SELWAY: With Quinta, I met her when she was playing with Bat For Lashes opening for Radiohead on the In Rainbows tour. And I really, really liked what she was doing musically. With Adem, I’ve always been a fan of his solo work. He is a great songwriter, a very inventive arranger, and he has got a great singing voice too. And more recently his work as a producer has impressed me as well. So I approached them when I was putting the live band together for Familial, and there was something there that just jelled. The live band for Familial was large because there was Caroline Weeks and Alex Thomas. Both had been playing for Bat For Lashes on that tour as well, and both had been really good. But I thought for the recording it would work very well with that focus between three people.

STEREOGUM: “It Will End In Tears” really stands out to me. It’s almost like a soul song. How did that song come about? Was it originally a musical idea or a lyrical idea?

SELWAY: It was around in demo form on guitar around Familial. I figured out what to do with it at the time when we started working on Weatherhouse. For me it always felt like a Carole King or Carly Simon song. So actually we could afford to play that one straighter. It’s that big play between the piano and the drum track and how that kind of opens out at the end. Lots of work to put the drum track together for that one, actually. I think I had a couple of lines hanging around for a while, but the lyric came together once the arrangement was recorded. It did pick up a little bit like a soul song. I was in New York a couple of weeks ago and actually got to perform that song with the Dap-Kings [on The Tonight Show]. It really did lend itself to that kind of approach. It was amazing playing with them actually.

STEREOGUM: I was going to ask you about that. How did you get hooked up with them?

SELWAY: Well, I went to see the Dap-Kings Soul Revue when it was in London back in June. I was actually blown away by that evening. From start to finish it didn’t let up — brilliant music because it is this amazing band. I’d been invited onto The Tonight Show, and I’d had in the back of my mind after that, “That song could really work with a Dap-Kings arrangement behind it.” And I approached them, and fortunately for me they said yes. It was a really amazing experience playing with them. We had one rehearsal the evening before The Tonight Show, and I was in musical heaven doing that. Such amazing players.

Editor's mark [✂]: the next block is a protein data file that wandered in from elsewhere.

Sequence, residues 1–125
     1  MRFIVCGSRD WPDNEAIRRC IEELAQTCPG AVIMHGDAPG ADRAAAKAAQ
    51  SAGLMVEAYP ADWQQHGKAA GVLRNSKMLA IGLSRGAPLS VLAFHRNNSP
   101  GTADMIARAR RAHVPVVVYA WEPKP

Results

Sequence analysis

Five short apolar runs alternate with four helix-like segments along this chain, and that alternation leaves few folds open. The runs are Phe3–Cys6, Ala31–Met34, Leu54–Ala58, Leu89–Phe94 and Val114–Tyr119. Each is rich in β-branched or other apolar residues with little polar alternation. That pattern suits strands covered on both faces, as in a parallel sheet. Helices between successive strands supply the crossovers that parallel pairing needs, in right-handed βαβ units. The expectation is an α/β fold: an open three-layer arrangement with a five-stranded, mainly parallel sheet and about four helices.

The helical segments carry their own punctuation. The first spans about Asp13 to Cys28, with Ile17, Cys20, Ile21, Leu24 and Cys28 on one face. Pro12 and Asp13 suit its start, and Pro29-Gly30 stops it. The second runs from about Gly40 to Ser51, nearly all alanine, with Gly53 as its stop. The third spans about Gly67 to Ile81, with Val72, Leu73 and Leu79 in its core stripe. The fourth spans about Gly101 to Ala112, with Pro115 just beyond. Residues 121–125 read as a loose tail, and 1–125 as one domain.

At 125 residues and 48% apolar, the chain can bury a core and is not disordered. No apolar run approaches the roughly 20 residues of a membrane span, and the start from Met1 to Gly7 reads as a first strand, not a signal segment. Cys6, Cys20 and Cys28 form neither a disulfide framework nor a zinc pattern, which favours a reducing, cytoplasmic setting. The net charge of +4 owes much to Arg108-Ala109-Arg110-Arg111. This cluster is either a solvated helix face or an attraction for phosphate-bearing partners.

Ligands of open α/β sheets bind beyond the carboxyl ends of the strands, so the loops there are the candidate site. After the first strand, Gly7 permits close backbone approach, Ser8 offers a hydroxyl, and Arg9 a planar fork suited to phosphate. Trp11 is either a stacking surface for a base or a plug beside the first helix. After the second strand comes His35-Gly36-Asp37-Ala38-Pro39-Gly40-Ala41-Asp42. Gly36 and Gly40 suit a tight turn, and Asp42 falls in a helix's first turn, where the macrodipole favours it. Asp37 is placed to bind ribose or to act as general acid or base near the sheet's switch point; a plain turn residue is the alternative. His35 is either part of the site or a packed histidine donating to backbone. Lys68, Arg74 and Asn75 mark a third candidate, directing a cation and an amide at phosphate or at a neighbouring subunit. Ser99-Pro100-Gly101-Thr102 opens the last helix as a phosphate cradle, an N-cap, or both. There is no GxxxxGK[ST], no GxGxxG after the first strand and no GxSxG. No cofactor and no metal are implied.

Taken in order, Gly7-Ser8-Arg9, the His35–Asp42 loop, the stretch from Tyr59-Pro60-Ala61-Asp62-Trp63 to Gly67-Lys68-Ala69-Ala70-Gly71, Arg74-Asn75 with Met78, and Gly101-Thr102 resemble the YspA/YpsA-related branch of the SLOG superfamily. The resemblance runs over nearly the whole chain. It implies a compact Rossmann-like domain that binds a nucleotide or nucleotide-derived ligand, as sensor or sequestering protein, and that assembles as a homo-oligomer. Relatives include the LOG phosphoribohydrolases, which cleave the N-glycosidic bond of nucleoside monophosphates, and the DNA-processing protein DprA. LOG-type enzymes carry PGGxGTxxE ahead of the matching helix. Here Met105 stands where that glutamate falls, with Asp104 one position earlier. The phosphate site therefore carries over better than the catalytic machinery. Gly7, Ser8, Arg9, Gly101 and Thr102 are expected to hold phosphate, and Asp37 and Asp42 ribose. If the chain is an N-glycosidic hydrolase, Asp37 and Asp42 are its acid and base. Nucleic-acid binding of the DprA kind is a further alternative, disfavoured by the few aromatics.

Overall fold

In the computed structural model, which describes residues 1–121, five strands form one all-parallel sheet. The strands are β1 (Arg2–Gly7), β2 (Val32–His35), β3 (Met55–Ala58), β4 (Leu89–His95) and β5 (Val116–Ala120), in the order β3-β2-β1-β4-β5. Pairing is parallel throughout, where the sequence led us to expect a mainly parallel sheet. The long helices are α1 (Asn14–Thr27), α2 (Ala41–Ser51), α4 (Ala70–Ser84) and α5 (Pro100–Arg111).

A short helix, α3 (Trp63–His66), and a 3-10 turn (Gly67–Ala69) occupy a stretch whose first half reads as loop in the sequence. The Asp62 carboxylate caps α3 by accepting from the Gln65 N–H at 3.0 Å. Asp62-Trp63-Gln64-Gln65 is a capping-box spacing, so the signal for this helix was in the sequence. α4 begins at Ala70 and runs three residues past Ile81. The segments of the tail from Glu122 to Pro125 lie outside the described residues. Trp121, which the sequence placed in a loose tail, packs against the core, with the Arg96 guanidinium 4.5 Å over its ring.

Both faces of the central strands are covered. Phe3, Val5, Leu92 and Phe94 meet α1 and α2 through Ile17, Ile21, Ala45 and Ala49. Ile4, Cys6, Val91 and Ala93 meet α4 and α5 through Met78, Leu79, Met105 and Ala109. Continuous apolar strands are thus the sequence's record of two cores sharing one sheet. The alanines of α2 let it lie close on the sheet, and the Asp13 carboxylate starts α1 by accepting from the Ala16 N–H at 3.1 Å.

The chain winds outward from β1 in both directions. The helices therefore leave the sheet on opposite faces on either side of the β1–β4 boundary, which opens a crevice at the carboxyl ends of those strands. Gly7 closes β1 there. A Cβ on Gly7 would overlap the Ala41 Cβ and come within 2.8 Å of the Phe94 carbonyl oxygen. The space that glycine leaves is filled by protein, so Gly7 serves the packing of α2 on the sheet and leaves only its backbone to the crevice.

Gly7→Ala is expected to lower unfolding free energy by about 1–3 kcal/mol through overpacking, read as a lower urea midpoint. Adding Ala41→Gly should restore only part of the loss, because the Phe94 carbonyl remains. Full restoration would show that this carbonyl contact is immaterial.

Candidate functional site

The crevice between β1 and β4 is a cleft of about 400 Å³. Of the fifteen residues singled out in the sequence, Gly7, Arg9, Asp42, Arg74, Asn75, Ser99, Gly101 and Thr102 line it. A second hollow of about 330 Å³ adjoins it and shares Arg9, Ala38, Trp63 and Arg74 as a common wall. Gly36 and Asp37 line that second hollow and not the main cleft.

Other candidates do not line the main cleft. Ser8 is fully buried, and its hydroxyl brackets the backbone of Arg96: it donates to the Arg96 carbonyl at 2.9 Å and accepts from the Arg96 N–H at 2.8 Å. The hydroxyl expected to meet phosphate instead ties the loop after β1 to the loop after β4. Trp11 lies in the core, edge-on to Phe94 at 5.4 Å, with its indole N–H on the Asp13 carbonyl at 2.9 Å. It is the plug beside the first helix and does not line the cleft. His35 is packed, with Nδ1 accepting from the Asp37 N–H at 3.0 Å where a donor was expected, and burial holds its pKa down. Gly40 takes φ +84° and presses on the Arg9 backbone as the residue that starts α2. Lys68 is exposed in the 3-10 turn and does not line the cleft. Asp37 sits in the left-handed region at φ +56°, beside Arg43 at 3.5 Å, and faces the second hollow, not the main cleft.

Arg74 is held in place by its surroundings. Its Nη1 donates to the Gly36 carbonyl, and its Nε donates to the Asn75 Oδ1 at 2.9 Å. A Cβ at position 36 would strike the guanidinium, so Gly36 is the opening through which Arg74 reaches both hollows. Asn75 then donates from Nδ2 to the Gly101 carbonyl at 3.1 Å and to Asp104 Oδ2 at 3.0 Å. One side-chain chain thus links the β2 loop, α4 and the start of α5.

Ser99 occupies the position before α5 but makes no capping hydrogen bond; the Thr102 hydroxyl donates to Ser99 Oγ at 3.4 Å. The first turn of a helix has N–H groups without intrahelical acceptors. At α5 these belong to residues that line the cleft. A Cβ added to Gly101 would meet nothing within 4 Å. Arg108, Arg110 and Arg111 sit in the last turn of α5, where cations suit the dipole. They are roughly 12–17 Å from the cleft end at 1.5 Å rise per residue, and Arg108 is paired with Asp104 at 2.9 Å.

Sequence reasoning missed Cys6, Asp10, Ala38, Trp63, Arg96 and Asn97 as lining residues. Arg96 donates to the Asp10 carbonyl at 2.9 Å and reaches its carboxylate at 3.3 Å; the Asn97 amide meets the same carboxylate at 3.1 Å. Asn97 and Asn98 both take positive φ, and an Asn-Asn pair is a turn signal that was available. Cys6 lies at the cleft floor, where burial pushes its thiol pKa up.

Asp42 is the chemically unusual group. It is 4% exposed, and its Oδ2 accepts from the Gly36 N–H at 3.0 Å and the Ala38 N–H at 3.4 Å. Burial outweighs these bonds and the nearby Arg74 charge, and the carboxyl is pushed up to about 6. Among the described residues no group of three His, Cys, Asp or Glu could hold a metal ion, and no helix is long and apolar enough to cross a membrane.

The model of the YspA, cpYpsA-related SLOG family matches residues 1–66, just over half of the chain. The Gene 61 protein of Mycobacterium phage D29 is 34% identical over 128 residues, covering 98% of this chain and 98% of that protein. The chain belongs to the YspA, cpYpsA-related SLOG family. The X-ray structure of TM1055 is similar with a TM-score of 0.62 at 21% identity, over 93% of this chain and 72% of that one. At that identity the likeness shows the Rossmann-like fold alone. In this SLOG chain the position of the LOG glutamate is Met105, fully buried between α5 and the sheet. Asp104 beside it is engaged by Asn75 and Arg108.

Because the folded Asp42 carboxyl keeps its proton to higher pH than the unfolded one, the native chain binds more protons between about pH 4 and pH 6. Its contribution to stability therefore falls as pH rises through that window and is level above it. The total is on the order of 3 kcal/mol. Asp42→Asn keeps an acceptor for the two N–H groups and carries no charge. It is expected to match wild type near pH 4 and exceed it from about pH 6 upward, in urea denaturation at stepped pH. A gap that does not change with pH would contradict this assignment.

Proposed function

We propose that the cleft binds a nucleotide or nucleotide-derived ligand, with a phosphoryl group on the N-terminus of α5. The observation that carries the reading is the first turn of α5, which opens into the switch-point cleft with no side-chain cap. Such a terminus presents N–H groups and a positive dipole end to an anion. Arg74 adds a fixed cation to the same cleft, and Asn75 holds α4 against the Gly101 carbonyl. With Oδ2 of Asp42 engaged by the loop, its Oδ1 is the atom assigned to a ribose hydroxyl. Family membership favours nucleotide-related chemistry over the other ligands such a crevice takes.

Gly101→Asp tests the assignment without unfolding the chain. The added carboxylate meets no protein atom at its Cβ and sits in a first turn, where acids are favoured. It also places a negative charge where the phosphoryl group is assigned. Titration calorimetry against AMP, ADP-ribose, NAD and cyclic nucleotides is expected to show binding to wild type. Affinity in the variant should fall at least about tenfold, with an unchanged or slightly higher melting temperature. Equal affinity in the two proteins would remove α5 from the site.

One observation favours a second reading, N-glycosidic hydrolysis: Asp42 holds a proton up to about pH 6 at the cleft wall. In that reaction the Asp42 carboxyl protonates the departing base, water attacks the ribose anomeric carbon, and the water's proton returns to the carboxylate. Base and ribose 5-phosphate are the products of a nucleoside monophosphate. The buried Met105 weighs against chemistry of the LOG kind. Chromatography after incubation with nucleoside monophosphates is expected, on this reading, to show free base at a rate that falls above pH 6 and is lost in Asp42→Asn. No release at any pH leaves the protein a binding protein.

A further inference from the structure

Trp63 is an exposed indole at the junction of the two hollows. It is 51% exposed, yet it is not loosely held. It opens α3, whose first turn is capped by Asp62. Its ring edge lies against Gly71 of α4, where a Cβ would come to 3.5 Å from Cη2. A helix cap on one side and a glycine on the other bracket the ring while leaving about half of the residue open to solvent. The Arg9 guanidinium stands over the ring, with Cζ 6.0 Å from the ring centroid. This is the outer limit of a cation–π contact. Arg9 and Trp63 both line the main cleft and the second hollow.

STEREOGUM: You mentioned one of the first things to go down in the tracking was the drums, but on “Don’t Go Now” I don’t think I hear any drums, which I thought was fascinating. Since obviously you’re a guy who has been known first and foremost as a drummer, it must be odd and maybe a little liberating to do a song without any.

SELWAY: I have to say, there were drums on that but they weren’t very good and didn’t make the cut in the end. But yeah, that song probably in texture and everything is most akin to Familial on the record. That approach really brought out the best in that song

STEREOGUM: “Coming Up For Air” seems like an important song since it is the first track on the album and it’s one of the ones you shared ahead of the release. I get the sense that a lot of these songs are generalized ideas and not about specific instances, but is that one about something specific that you survived?

SELWAY: I guess it’s just looking back on that time of life. I think when you live through your thirties and forties you lose yourself in your career at points and disappear into yourself as well, and sometimes you have a wake-up call, and sometimes you don’t. You can come out of that. It’s almost like that song is an affirmation of the point that I found myself at when I was writing the record — a sense of accord in my life, I suppose, if you want a better expression.

STEREOGUM: On “Let It Go,” there’s the line, “Just as you walk away, there is always a sad song playing/ But I’m over it now.” Is that about a particular incident in your life, or is that also more of a generalized song?

SELWAY: It’s more generalized, I think. I think it’s very much kind of tied up in that time of life, you know. I’m 47 now, and I think you get to that point, there are a lot of experiences that you have accumulated, a lot of bad habits that you might have accumulated as well, and it’s just that kind of moving on from those things, acknowledging them and looking for kind of healthier ways of approaching life. And that lyric “Just as you walk away, there is always a sad song playing” means some of those things that don’t feel appropriate anymore, there is always a sense of regret about that point in your life, and I think it’s a quite potent point in your life. So yeah, it is kind of more generalized around that thing.

STEREOGUM: Were you conscious of the Disney’s Frozen song “Let It Go” when you wrote your “Let It Go”?

SELWAY: [Laughing] No, I wasn’t. Yes, you get to the end of writing songs and you have a feel around, and you hear a lyric that you might have chosen in other places. Everyone has their own take on these kind of things.


Weatherhouse is out now on Bella Union.

[Photo by Deirdre O’Callaghan.]